Since I began this blog, last September, I’ve been talking about my forthcoming book, A Housefly in Autumn. Before I started this blog, I owned a traditional web site. There, I talked about my forthcoming novel for even longer. Altogether, I’ve spent a long time talking about something happening in the future. If you saw any of these mentions, you may have begun to wonder if the future would ever get here. I know there were times when I did.
It took its sweet time, but the future has arrived.
Today is that day. I can finally hold a real live copy of A Housefly in Autumn in my hands. I can download the e-book to my Kindle. In fact, I have already done both of these things, and now so can you.
A Housefly in Autumn is available in paper and Kindle formats.
Where to buy:
|Amazon||Barnes & Noble||Createspace|
This book has taken longer to publish than my previous ones. The editing, the proofing, the cover art, it’s all been a longer trek. That’s why this day is sweeter to me than past release days. It’s the culmination of more investment, more sweat and toil.
That also may be part of the reason there’s more trepidation than before. There’s more toil at risk. But the toil can’t be undone so it might as well be pushed with all the other chips into the pot.
I’m all in. Now I get to see what kind of hand I’ve dealt myself.
A Housefly in Autumn
A Housefly in Autumn is intended for Young Adults and up. A historical novel, set in 19th century Europe, it follows the life of a young man whose dreams have crumbled down around him. In an act of heroism, he sacrifices his own promising future to save the life of another. Now he must decide whether to cling to the unlikely hope of regaining his old life, or aim his efforts toward making the most of the life fate has dealt him. Though it is difficult to let go of the rewards that life once promised, perhaps the greatest rewards are the ones earned by building new hope from the bits and pieces of wrecked dreams.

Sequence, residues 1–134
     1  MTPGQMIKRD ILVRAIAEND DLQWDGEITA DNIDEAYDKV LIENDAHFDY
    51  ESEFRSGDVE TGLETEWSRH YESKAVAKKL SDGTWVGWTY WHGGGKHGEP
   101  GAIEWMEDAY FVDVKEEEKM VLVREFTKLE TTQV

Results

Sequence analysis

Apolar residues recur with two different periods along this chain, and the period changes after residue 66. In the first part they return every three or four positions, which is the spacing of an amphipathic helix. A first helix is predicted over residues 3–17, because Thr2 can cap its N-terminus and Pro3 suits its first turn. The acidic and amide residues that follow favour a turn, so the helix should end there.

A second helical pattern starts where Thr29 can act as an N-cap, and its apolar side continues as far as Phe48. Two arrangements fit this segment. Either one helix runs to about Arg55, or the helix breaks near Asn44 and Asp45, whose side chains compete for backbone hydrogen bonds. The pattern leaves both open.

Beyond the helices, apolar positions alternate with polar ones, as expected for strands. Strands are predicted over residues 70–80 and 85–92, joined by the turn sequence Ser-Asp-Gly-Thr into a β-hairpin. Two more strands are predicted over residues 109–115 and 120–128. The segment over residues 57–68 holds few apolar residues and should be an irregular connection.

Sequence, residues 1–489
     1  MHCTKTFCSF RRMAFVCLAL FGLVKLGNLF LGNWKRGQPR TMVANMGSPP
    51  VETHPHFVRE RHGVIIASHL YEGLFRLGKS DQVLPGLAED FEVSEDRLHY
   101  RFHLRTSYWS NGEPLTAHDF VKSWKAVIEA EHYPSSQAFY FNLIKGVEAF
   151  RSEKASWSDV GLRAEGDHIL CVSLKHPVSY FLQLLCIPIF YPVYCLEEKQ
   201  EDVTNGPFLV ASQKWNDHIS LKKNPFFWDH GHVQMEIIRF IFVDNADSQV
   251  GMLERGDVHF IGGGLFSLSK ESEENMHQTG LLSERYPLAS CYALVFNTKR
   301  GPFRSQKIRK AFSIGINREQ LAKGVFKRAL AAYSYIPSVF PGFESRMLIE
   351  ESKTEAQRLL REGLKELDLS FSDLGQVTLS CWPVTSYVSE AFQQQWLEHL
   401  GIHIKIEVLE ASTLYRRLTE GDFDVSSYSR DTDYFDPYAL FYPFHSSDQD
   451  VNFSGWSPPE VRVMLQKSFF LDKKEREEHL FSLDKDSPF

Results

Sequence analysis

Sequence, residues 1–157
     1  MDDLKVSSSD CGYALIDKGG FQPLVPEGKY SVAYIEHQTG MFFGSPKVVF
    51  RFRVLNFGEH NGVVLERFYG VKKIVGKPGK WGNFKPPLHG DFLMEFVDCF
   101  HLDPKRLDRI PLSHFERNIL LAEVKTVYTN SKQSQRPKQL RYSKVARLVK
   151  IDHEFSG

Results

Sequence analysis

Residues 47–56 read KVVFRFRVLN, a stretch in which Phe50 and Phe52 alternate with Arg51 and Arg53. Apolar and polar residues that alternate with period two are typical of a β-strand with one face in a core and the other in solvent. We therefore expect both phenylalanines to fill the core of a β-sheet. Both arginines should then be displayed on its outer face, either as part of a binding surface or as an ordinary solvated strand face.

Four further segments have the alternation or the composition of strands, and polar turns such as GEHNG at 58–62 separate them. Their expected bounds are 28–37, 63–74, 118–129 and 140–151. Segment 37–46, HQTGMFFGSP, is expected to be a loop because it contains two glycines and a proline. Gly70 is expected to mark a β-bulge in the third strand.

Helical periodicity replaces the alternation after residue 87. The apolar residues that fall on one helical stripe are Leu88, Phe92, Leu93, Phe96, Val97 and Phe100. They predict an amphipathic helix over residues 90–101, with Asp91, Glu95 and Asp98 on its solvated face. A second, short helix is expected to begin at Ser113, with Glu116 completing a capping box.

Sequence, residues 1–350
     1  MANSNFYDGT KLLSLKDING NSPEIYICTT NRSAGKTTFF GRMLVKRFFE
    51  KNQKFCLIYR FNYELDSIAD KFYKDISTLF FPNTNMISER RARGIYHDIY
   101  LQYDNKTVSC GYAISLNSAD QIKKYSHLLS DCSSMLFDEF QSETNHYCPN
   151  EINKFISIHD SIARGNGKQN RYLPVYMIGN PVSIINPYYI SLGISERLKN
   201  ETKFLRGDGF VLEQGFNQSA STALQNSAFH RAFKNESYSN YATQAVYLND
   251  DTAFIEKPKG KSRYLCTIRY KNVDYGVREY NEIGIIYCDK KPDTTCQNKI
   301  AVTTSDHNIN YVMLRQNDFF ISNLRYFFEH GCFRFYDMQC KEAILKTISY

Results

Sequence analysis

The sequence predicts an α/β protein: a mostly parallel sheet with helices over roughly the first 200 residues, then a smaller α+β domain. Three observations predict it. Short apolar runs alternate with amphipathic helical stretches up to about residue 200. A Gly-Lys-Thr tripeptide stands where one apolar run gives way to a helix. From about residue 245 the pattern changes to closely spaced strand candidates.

At 17, Anders Christiansen was a young man overflowing with potential. All his teachers believed he was destined to blossom into a leading man of letters, enjoying a life of rich rewards.
That was before the accident.
Now, Anders’s great talent lies fallow. He can’t produce the complex ideas he once did. His thoughts are slow and his words simple. The world holds little promise for him anymore.
Struggling to build a meaningful life out of the wreckage of his dreams, Anders learns the value of simple treasures. Loyalty, devotion, and even sacrifice hold rewards of their own to renew hope after tragedy. Love can cause hurt, but he who gives love when he hurts the most will reap a joy outweighing the pain.
Anders gives meaning to his life in the way he spends it. He will face grave danger to spare those he loves, and though his gifts be diminished, he will share them freely with even the humblest of children. Though never sought, Anders’s reward is immense and enduring, showing the millions of reasons to go on sharing even the simplest of gifts.
So now I guess I have to find some new future event to start talking about. Fortunately, my future is full of things that probably will happen but might take longer than I expect. There will be plenty to talk about.